Big Data Security Risk in the Enterprise: The Pitfalls of Hadoop

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Hadoop was originally adopted to manage publicly available information, not enterprise data.

Like many ground-breaking technologies (for instance, TCP/IP or UNIX), Hadoop wasn’t originally built with the enterprise in mind, let alone security. Hadoop’s original purpose was to manage publicly available information like Web links, and was designed to format large amounts of unstructured data within a distributed computing environment, specifically Google’s. It was not written to support hardened security, compliance, encryption, policy enablement, and risk management.

Companies leveraging Big Data are mostly on their own when it comes to security. Best practices for companies with Hadoop clusters include implementing additional access controls and limiting the number of personnel allowed to access the Hadoop cluster.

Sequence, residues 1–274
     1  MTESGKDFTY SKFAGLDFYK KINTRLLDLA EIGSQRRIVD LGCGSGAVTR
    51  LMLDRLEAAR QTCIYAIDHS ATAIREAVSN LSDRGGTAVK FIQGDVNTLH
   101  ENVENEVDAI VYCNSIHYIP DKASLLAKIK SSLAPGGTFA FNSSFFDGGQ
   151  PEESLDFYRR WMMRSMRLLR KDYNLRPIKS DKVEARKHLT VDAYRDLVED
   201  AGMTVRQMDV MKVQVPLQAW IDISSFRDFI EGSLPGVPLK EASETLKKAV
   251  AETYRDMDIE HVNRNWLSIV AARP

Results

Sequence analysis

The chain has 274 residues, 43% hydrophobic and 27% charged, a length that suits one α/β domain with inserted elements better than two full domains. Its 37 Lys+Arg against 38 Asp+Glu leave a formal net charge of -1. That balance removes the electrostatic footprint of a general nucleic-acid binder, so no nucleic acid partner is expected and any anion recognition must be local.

Big Data wasn’t designed with security in mind; in fact, security has never really been the focus of distributed sciences. With these mountains of data, informing businesses on critical buyer decisions, habits, and countless other minutiae, comes a pressing need to keep this valuable information secure and protected. This is sensitive information, after all, and with so much of it comes a greater risk of breaches.

Data volumes are doubling annually, and roughly 80 percent of that captured data is unstructured, and must be formatted using a technology like Hadoop in order to be mineable for information. Considering this growth, it is clear that security concerns won’t be going away anytime soon. Quite the opposite, actually.

As Hadoop becomes more widely adopted in the enterprise, its security limitations are becoming more apparent. Brian Christian, co-founder and CTO of secure Big Data management vendor Zettaset, explains the biggest Big Data security challenges facing the enterprise today and his thoughts on creating a unified security model for Big Data.


Related Topics : Vulnerabilities and Patches, Resellers, Broadcom, Broadband Services, Supercomputing

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